Are Italians ready to vote for a change?


By Lavinia Pisani
The Guardsman


Italians will hold elections on Feb. 24-25 amidst a backdrop of deep economic and social divide.

Prime Minister Mario Monti resigned earlier than expected on Dec. 21. A renowned economist, Monti used his expertise to help guide the faltering country through the Italian debt crisis of 2011.

It is not easily predictable who will take his place. Over a dozen political parties are fighting for the chance to lead Italy.

Perhaps the most controversial political force, the Five Star Movement or Movimento 5 Stelle, is sweeping the nation with its grassroots efforts to mobilize Italians disgusted by government waste and corruption.

According to a recent poll, the movement, led by Beppe Grillo, a former comedian turned politician, leads by 18 points among voters. Grillo himself is a divisive figure, described as “a distinctly Italian combination of Michael Moore and Stephen Colbert: an activist and vulgarian with a deft ear for political satire” by The New Yorker.

Grillo is taking his message to the people. He recently began a nationwide road trip called the “Tsunami Tour,” hoping to inspire higher voter turnout.

The Five Star platform includes several important changes in the country, including a referendum on leaving the eurozone, the dissolution of monopolies on the media and the state railway system, and greater investment in health and agriculture.

The movement is made up of a diverse cross section of citizens including young people fed up with a persistently high unemployment rate.

Grillo’s claims that tax evasion in Italy is the highest in Europe, with an astonishing 27 percent of the country’s GDP avoiding taxes. Public debt has risen to 120 percent of its GDP, notwithstanding several new taxes.

If elected, the movement’s work will not be easy.  It will enter a corrupted Parliament of 945 members with the highest salary in Europe, amounting to as much as $26,000 a month, according to a survey recently released by Monti.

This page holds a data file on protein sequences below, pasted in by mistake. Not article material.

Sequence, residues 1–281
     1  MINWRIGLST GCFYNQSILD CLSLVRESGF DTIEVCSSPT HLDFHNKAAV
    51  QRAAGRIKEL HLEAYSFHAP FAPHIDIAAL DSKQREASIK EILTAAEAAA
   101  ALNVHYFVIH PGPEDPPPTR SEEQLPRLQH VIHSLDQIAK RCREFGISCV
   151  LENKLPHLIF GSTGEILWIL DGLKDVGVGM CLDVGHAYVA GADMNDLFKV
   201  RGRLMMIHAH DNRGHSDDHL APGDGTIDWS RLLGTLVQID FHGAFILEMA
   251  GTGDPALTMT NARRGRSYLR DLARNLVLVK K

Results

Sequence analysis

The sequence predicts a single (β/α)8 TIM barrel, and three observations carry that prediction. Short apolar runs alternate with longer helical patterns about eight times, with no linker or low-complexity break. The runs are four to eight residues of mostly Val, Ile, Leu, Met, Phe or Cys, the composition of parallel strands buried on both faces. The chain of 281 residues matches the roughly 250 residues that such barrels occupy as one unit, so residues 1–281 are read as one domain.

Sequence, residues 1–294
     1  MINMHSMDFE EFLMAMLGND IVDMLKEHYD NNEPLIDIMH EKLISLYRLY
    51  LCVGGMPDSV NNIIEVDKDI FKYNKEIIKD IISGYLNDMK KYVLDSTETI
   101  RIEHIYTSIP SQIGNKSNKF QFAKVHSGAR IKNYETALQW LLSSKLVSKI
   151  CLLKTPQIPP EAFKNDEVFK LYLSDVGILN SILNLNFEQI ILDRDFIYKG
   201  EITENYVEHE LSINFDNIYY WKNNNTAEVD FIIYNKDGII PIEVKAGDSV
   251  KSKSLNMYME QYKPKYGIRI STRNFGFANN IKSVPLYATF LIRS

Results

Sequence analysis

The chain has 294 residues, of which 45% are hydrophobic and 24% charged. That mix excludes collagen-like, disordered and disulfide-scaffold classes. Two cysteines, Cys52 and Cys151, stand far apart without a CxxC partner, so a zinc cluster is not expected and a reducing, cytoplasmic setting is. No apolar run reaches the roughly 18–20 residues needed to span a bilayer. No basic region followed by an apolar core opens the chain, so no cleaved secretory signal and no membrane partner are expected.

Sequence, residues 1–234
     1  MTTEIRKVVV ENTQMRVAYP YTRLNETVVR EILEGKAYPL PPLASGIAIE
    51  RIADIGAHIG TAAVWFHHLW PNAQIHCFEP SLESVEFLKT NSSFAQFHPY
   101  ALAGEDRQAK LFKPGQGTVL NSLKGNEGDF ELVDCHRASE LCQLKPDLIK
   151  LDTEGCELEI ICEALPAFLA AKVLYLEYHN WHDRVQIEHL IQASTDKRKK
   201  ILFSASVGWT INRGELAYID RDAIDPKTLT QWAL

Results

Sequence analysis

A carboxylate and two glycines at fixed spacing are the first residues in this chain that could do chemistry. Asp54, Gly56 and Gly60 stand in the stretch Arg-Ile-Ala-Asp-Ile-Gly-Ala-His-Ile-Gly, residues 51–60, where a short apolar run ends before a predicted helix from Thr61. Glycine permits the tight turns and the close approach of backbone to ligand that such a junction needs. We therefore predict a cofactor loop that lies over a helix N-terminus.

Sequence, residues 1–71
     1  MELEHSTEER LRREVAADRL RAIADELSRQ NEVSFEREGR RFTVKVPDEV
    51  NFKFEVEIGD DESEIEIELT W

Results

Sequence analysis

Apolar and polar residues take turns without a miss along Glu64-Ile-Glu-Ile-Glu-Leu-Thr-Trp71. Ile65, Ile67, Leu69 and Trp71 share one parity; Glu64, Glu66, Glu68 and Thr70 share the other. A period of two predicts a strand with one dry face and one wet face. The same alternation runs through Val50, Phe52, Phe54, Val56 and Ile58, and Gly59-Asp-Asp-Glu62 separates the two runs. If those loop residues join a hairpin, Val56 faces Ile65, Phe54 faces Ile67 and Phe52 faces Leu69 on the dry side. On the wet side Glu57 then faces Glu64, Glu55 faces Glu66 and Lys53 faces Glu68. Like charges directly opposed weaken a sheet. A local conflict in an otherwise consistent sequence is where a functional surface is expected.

Politicians are wary of Grillo’s movement which calls for sweeping reforms such as reduction in parliament member’s salaries, abolishing special privileges and a maximum limit of two terms in office. And, ironically, make convicted criminals ineligible for office.

Grillo, who has a manslaughter conviction stemming from a car accident in 1988, will be subject to these very rules. His hope, however, is to rid the government of corruption at all costs, even if he can’t be elected.

For the first time, Italy will vote during winter rather than spring. Grillo claims the decision to hold early elections was made to exclude the movement from entering Parliament.

“If we hadn’t prepared ourselves in good time, since last summer to be precise, we would already be effectively excluded from Parliament,” Grillo wrote.

As policy, new political parties have to collect a specific amount of signatures before campaigning. The Five Star Movement had to collect approximately 40,000 signatures during the Christmas holidays, a difficult time of year to engage voters.

“They are the ones who have dismantled the economy, the information system, the justice system, the education system, the network of production units, the State itself,” Grillo said. He further referred to Italian politicians as “parasites, fleas, bloodsuckers, [and] ticks.”

But the Five Star Movement is not without its own internal conflicts.

The group claims to be democratic and “uno vale uno”—literally, “one equals one” or “everyone counts”— is their motto. However, some members criticize Grillo as being too authoritative.

Federica Salsi, a prominent member of the party, was ousted after she publicly spoke out against Grillo on a popular Italian TV show.

“Those who complain are out,” Grillo’s said. He says he is concerned about spies possibly infiltrating the movement.

This wouldn’t have been the first time Grillo’s credibility has been called into question. Politicians routinely use his past as a comedian to insinuate that he isn’t a serious leader.

In spite of its conflicts, the Five Movement is hoping to broadcast its message to the people with the “Tsunami Tour” and effective use of social media and frequent blogging.

The Five Star Movement distrusts many mainstream media outlets. Most media falls under the monopoly of former Prime Minister Silvio Berlusconi of the right-wing People of Freedom party, whose much publicized resignation in November 2011 was preceded by a host of legal problems and controversies.
Italy is facing many complicated problems in the coming months that are deeply rooted in the political system.

The 5 Star Movement isn’t perfect. Still, it is the one that gives honest citizens hope for real change.


Comments are closed.